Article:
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How to Communicate Change




Below is an excerpt from Chapter 28 of our book, The Beauty of Conflict. We hope you'll enjoy it!


You’ve probably noticed a theme in this chapter on change: communicate. While communication is multifaceted, there are a few key tools to support you in effectively communicating change in your organization. You, the leader, are the marketing arm to the rest of the organization. Pay attention to not only what you communicate, but how you communicate it.


Here are three common mistakes leaders make in communicating change:


1. Sending crucial information by e-mail. Mistaken belief: Everyone now knows what to do and why. Everything will flow smoothly.


2. Making a binder. In an off-site, the leader and the team create a binder with all the important information. Mistaken belief: Now that it’s all decided, everyone will reference the binder and act differently.


3. Being unclear and not taking the time to clarify the change; and therefore, being out of alignment about the why, what, how, and who. Result: each member of the leadership team says something different about what’s happening with the change process. This equates to chaos and mistrust.


4. Focusing on the mechanics of the change or the impact to the bottom line without considering the human impact. Result: people feel disregarded and resist.


You’re lucky if people open and read the e-mail. And a binder—really? And, when leadership team members tell different versions, people further down the organizational chain talk and compare notes. Distrust grows, and people begin to worry. It’s like being in a family: if Mom and Dad contradict each other, the kids manipulate the situation to get their way.


How you communicate is just as important as what you communicate.


You need to make information accessible, understandable, and palatable. Here are four ways to effectively communicate:


1. As a leadership team, make sure you are clear and aligned about the why, what, how, and who of the change. Then at the end of each leadership team meeting, identify exactly what you want people in the organization to know, versus what you want to keep within the leadership-team cone of confidentiality.


2. Use the rumor mill. Every organization has break-room gossip, so why not use it? Once you have clarity on what to communicate, each leadership team member can actively communicate that message to his team. This works best if it happens face-to-face within twenty-four hours. If your business model doesn’t allow for that, do the best you can.


3. Repeat the message in different venues, such as all-hands meetings, in company newsletters, or at social events such as picnics. It’s normal to assume that if you say something once, people will understand and just do it. But as in marketing, you need to communicate your key change messages six or seven times before people will pay attention to you, hear you, believe you, understand you, know how to behave differently, and change their behavior. Six or seven times! That’s a lot of repetition, but that’s what it takes.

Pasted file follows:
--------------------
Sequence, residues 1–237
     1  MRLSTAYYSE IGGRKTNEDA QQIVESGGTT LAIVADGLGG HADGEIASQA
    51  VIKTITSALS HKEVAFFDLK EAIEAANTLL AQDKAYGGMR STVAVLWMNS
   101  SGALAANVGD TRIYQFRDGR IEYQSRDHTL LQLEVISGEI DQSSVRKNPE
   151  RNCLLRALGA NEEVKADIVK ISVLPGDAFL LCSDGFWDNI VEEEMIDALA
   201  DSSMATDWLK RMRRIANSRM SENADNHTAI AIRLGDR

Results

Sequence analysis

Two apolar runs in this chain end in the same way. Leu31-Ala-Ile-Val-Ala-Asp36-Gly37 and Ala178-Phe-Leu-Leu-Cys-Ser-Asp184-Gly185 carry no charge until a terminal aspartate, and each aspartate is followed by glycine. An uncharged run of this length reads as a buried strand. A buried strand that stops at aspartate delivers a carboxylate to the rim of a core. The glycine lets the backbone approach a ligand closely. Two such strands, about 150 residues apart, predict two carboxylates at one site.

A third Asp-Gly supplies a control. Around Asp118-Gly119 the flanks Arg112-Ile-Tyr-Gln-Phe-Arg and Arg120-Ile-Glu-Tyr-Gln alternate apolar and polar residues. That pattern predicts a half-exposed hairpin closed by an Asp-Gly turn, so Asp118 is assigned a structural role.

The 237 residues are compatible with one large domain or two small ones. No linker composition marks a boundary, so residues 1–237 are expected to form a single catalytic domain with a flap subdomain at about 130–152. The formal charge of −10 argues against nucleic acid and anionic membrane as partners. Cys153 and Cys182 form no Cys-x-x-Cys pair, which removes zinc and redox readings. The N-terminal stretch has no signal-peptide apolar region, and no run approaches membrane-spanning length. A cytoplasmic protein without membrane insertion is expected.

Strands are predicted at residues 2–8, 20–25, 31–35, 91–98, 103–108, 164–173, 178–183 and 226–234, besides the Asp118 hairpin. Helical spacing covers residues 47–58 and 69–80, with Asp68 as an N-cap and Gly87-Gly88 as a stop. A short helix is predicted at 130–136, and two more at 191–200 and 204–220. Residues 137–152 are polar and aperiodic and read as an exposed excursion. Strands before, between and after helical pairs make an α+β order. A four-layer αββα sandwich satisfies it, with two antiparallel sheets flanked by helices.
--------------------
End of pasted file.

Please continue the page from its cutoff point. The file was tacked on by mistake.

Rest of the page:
4. Tell stories. Humans absorb, learn, and are changed through story telling. Your people will learn more easily if you tell a story that depicts what it takes to make the change work, or if you share the impact this change will have, or has had, on a customer.


For example, if a consumer products company’s leadership team decided to change their target market and marketing strategies for one of their primary products, you might first think, “Just inform the marketing team.” But if that happened, marketing would make the changes, and people in other departments wouldn’t know why. People throughout the organization would wonder, worry, and make stuff up. The leadership team would appear not to know what they’re doing, or that they are working against each other.


Organizational communication needs to be broader and more integrated and led by each team member. It must be done over and over again, telling stories about why, and what it will look like when it’s done, how the company will get there and what role you want them to play.


When each member of leadership takes the time to communicate the appropriate changes to his team, everyone in the organization is on the same page. Issues surface and are addressed, and the leadership team looks to be in alignment, because they are! The company breathes a collective sigh of relief.


Change is hard. It is even harder when it feels like it is being done to you, and for many people in an organization that’s how it is taken. You, the leader, are way out in front of this change process, like the fastest runner in a marathon who is almost 20 percent done with the race when other people are just starting the race. You need to help your people move through the Valley of Despair. You and your leadership team need to be master communicators and story tellers to help your people become aware, digest, adopt, and in the best case, embrace the change. Remember, these are humans who are accustomed to doing things the old way. Let them know that you care and that they matter by supporting them through the change.


Did we mention that you have to repeat yourself?


Want to hear how big and small companies used the Path to Collective Creativity model to get to collective results?


Grab a copy of The Beauty of Conflict here to continue reading!




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